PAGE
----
Whereas the new entry-level version of the Huracan has 572bhp and 397lb ft, the least powerful version of the Aventador possesses 690bhp and 507lb ft. Lamborghini chiefs are adamant that four-wheel drive is a necessity to effectively harness the Aventador’s power.
Research and development director Maurizio Reggiani said: “The Aventador can only be four-wheel drive because we have so much power and torque to manage; only with four driven wheels are you able to manage this.
“This is mainly due to the state of the art of the control systems that we have on the car today. So when we plan Aventador derivatives, we maintain four-wheel drive.
“With the Huracan from the beginning, when we were looking at computer simulations and so on, we decided that two-wheel drive was possible without any kind of problem.”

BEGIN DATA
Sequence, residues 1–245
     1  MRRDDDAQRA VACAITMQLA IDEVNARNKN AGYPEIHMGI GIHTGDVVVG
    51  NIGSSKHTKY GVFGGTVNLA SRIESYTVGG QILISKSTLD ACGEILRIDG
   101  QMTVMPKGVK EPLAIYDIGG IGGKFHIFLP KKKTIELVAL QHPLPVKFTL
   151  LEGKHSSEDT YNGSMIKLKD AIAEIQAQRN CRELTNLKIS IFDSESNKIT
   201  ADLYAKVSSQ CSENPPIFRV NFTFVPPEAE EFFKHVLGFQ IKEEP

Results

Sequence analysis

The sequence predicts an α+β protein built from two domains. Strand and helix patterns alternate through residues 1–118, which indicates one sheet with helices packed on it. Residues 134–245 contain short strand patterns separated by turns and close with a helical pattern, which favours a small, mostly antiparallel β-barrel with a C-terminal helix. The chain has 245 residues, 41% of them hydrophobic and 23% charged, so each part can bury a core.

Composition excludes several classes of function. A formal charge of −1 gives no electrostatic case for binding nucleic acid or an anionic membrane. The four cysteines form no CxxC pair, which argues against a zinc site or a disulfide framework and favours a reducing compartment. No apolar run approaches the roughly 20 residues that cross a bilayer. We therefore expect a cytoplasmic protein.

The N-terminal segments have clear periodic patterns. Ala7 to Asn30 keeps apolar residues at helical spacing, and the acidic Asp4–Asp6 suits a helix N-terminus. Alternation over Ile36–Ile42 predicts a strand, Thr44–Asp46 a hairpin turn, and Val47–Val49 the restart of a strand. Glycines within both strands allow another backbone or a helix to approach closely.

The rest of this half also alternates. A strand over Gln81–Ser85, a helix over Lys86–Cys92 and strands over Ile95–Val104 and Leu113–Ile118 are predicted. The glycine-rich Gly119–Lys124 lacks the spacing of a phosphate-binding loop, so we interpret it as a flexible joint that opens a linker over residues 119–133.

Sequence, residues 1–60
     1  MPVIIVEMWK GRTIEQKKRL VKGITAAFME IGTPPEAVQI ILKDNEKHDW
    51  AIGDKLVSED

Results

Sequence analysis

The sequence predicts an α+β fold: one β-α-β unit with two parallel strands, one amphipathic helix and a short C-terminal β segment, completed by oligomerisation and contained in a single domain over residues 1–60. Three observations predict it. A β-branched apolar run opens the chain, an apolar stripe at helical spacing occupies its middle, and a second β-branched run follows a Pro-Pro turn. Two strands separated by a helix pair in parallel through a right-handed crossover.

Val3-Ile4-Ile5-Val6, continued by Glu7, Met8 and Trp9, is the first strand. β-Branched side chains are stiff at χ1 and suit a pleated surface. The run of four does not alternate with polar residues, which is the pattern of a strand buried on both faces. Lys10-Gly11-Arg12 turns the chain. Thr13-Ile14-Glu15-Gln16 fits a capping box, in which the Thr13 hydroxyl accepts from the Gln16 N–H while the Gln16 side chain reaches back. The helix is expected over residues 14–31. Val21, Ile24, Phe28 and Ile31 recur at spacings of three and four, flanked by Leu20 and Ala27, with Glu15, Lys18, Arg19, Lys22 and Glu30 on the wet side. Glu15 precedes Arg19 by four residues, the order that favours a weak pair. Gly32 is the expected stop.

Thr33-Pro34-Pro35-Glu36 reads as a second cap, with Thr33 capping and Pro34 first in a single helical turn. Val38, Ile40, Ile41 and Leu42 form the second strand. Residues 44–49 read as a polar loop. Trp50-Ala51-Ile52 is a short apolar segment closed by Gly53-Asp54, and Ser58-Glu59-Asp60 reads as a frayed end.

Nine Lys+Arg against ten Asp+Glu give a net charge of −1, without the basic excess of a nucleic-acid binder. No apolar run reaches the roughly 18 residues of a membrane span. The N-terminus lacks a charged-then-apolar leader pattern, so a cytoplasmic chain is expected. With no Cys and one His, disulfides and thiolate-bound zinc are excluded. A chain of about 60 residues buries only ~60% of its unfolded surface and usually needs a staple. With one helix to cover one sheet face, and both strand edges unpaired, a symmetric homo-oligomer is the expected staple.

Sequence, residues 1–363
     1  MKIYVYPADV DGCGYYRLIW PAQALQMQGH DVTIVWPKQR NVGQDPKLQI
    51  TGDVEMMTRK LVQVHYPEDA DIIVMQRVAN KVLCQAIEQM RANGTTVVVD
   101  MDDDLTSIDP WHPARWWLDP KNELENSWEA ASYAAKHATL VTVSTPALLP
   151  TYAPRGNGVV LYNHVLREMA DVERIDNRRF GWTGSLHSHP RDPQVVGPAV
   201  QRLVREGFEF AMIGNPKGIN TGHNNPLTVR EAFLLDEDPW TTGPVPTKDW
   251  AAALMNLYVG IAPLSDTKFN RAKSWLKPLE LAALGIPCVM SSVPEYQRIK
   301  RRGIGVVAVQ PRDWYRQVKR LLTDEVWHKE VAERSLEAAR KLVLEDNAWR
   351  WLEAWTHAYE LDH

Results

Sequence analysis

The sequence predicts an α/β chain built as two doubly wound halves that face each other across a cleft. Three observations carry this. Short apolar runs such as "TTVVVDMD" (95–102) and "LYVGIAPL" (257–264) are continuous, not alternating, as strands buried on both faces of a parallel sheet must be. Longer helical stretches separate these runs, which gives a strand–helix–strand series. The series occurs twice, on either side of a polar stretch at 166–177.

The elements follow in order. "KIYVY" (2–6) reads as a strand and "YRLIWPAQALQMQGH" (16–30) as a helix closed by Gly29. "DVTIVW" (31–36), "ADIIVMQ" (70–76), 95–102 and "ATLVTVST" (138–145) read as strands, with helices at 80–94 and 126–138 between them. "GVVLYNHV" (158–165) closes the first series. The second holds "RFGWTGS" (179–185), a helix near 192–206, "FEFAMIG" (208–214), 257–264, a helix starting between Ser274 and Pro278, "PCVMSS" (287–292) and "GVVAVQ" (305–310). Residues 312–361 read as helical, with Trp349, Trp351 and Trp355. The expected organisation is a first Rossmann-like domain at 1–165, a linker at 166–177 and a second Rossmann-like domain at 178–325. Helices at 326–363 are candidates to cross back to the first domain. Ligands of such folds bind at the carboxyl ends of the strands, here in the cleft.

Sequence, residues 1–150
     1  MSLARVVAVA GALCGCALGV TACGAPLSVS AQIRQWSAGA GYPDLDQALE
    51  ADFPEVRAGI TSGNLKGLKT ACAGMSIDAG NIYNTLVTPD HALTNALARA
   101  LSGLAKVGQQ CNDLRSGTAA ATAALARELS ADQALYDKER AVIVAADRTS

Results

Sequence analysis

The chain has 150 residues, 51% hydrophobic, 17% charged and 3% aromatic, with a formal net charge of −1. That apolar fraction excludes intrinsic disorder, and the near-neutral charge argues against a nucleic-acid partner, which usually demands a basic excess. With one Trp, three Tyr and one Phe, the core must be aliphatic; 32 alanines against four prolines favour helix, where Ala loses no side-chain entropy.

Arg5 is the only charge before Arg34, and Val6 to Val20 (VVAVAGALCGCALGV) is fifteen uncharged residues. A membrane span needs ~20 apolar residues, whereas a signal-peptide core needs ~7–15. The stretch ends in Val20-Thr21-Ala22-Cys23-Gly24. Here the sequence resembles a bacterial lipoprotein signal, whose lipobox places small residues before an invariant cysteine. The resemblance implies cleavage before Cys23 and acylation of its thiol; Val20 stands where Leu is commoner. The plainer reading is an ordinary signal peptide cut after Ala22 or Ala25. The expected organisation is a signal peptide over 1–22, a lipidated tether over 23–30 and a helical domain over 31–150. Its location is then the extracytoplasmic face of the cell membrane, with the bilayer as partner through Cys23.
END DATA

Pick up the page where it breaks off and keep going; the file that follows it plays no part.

Some independent tuning companies have in the past offered their own rear-drive conversions of the Aventador in small numbers.
Lamborghini is also lukewarm about the idea of a rear-wheel-drive variant of its forthcoming Urus SUV. Company boss Stephan Winkelmann felt that such a car would be a “lookalike” 4x4, lacking the authentic off-road capability desired by typical Lamborghini owners.